Abbot and architect. He was Abbot of Fulda from 802 to 817. Ratgar is described in a near-contemporary source as ‘skilful architect’ and is regarded by some authorities as second only to Einhard as a master builder of the Carolingian revival. A pupil of Sturm, the first Abbot (744–79), he took charge of the rebuilding of the monastery church in the 790s under Abbot Baugulf (779–802). Following his unanimous election, the early years of Ratgar’s abbacy were peaceful, but his rule became autocratic and he punished harshly monks who were disobedient or who protested against his policies. His building projects were regarded by some of the community as superfluous. Of these the most significant was the westward extension of the Abbey Church at Fulda (see Fulda §1). This grandiose scheme sought to imitate Old St Peter’s and other churches in Rome and produced one of the largest churches in the Carolingian empire, more than doubling the size of the building reconstructed under Baugulf. The building works diverted the monks from their other duties and impoverished the community. Ratgar’s solution to the financial problem was to build proprietorial churches on the Abbey’s estates in order to claim their tithes. This further alienated the monks, who complained to Charlemagne in 812 and finally revolted in 817. They appealed to Louis the Pious who banished Ratgar. He died at a daughter house near Fulda....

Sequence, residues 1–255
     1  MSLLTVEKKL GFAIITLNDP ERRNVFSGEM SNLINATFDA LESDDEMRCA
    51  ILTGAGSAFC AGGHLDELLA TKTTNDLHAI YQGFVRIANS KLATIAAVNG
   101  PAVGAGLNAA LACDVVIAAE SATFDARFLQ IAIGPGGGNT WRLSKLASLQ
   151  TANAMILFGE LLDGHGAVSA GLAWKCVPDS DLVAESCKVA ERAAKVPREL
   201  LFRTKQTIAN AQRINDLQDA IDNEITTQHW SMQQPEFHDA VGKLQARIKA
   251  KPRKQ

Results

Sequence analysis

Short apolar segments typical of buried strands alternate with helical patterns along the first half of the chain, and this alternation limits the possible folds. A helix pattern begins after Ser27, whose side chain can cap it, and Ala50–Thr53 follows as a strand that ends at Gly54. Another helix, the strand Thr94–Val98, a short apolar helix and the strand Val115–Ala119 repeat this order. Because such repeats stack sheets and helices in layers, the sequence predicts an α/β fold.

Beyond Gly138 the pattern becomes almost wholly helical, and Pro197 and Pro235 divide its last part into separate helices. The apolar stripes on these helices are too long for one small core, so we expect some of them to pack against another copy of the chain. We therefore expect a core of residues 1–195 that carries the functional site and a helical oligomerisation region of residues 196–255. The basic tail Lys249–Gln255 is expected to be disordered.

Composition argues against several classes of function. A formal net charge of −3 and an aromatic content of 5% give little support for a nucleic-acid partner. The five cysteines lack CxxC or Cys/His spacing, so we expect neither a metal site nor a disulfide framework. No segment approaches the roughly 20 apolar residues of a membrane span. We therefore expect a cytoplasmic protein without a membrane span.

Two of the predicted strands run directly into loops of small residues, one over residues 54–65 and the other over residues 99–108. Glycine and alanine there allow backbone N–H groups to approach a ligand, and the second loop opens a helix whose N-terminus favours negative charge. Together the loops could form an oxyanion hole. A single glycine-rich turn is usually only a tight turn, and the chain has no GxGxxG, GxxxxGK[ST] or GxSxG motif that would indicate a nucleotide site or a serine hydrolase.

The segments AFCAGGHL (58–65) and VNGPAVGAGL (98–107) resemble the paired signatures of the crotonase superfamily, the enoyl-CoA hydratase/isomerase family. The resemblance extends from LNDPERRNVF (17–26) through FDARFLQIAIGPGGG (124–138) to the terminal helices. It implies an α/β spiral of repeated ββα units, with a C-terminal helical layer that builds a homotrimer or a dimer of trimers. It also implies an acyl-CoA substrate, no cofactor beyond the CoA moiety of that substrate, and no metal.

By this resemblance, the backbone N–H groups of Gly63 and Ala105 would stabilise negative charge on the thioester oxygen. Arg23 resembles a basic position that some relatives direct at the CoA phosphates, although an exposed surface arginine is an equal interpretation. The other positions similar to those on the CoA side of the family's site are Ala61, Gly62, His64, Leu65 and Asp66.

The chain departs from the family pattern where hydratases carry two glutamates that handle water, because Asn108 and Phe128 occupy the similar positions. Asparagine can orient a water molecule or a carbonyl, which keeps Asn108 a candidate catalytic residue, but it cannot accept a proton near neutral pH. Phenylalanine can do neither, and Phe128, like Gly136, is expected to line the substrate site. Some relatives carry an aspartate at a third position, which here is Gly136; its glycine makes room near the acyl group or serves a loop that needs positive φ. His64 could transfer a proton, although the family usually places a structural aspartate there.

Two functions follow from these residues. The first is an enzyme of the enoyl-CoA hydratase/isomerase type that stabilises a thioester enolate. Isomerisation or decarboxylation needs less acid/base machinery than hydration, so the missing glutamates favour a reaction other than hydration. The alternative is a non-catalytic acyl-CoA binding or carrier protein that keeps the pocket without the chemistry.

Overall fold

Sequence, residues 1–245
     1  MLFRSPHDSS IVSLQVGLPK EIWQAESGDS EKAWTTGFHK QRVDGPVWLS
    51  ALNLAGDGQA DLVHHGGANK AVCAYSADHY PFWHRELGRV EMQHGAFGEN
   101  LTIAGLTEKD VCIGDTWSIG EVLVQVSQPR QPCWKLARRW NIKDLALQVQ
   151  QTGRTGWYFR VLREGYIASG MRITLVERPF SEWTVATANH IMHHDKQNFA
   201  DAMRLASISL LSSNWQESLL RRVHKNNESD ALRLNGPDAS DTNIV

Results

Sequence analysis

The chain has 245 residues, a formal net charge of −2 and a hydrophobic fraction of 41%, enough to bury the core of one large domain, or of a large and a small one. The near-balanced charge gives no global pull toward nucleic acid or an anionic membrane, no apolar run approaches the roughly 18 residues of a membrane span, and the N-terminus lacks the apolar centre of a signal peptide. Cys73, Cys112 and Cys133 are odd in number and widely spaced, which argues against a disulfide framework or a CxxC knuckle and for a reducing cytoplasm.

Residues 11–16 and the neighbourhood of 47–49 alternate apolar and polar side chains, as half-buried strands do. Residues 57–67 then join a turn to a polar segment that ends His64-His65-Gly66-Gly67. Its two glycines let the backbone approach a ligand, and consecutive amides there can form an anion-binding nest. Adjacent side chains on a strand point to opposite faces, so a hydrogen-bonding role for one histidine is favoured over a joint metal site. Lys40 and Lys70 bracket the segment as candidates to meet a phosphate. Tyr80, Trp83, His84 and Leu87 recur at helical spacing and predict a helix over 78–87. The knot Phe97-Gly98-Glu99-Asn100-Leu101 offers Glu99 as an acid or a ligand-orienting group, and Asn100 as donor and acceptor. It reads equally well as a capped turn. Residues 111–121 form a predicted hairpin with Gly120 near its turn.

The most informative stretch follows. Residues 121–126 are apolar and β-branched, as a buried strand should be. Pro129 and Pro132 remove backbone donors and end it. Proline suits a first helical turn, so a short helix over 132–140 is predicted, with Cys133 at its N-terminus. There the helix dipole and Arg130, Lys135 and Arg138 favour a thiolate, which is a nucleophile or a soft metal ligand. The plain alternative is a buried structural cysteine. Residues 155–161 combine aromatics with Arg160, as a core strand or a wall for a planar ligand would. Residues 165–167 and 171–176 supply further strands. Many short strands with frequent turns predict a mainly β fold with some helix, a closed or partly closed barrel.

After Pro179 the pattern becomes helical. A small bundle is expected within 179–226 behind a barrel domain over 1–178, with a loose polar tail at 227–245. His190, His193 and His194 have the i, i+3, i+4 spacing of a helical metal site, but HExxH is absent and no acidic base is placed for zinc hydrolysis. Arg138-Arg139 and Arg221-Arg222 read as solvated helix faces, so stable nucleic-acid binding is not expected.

Article

Malcolm Gee

(b Copenhagen, Aug 11, 1861; d Copenhagen, Jan 25, 1932).

Danish collector, engineer and politician. Together with Christian Tetzen-Lund he was the foremost Danish collector of contemporary art of his time, playing a central role in bringing the achievements of modern French painters to the attention of the Danish public. He trained as an engineer specializing in sanitation and set up a successful business in Copenhagen in the 1890s. He then followed his father into politics, becoming a respected figure in the Social Democratic Party. His early interest in art was stimulated by meeting the collector Carl Jacobsen (1842–1916), and he began collecting drawings and Danish paintings. After visiting Paris in 1912 he became increasingly interested in contemporary French art and began amassing a large collection centred around the work of André Derain, Henri Matisse and Maurice Utrillo, sometimes reselling works in the process. He did not appreciate either Cubism or later avant-garde developments. He served as a trustee for Danish museums and in ...